Are concentrated markets really innovative?

The question seems incongruous. Why should we ask it?

It seems to me more and more necessary to accelerate the energy and / or ecological transition: for that, innovation and changes are necessary. It is therefore essential to understand the necessary favorable conditions, in order, if necessary, to bring them together in a voluntary and organized manner.

Let’s face it: innovation is not natural; it is a way to find solutions to get out of an urgent or, at least, uncomfortable situation or to improve solutions that are not ideal.

Let’s look at the European energy landscape:

Among the energy suppliers, the few dominant players, ie with more than 70% of market share, often adopt a defensive strategy, delaying the success of their competitors and anchoring, within their own organization, a feeling of domination and invincibility. What may be the reason to innovate since customers will continue to give preference to continuity, to a known actor, whom they trust?

In front of such a dominant player, a “small” player must innovate even if his innovation is not always recognized by the market.

When the market is not dominated by an actor, several suppliers of close size cohabit. For them, the liberalization of the market was not only synonymous with the emergence of new actors, unknown until then; it has also led actors, yesterday neighbors recognized on their own land, to come and “hunt” on their territory. They must therefore differentiate, to keep their position and their image, and for that, innovate. Not surprisingly, Eneco (Netherlands) and Centrica (UK), historically active in non-concentrated markets, stand out. It can be argued that Engie and Enel come from highly concentrated markets: their global ambition, the experience gained in more open markets, far from their base, pushes them to innovate. But in their heartland, their life is not a long calm river and the sense of urgency is not spontaneous within their workforce.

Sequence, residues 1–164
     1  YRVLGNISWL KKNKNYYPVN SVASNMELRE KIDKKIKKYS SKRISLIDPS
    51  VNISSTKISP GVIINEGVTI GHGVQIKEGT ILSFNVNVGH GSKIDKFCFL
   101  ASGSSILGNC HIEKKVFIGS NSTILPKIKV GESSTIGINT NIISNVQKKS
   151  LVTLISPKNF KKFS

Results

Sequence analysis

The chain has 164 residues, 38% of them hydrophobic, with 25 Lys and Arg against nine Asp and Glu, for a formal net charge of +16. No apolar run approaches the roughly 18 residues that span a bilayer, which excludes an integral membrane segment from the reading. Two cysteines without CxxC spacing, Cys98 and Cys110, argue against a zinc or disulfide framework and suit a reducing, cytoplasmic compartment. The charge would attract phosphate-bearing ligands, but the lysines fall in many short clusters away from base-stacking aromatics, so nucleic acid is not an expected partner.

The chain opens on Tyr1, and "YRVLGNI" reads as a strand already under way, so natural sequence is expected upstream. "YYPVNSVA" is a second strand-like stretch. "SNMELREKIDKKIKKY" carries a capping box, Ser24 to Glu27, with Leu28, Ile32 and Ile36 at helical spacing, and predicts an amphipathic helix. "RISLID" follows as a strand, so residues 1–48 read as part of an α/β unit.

Why should the situation of a network operator, a regulated actor, be uncomfortable? In no way unless exogenous factors create discomfort!

For them, there is no competition but stimulation by comparison: is it nice, in a country like Germany, Switzerland or Austria, to be blamed as the network operator with the worst reliability? Is it comfortable to present oneself to one’s clients with such an image? Obviously no! Being a leader in performance, and recently, innovation, can fuel virtuous dynamics internally and vis-à-vis customers.

In a concentrated market, however, the leader has more resources, since he can have more customers, therefore, turnover. However, it does not innovate under the pressure of the market but under that of the shareholders, that is to say in most cases policies. Innovation is imposed on him; it is rarely conducted successfully.

The existence of ultra-dominant suppliers is gradually fading away: anyway, the landscape of offerings is not yet clear everywhere for consumers. It will take a while longer.

But, as far as the distribution system operators are concerned, should we not, in the concentrated markets, organize a first level of fragmentation and decentralization, like the Netherlands, Great Britain, the United Kingdom, Austria or Finland? Would not this dynamize the innovation of actors who are the main vectors or catalysts of energy transitions?

Or, failing to adapt the market structure, should we not organize a European benchmark, create a European network operators’ podium, to stimulate all stakeholders and push them to consider what is best in neighboring countries?

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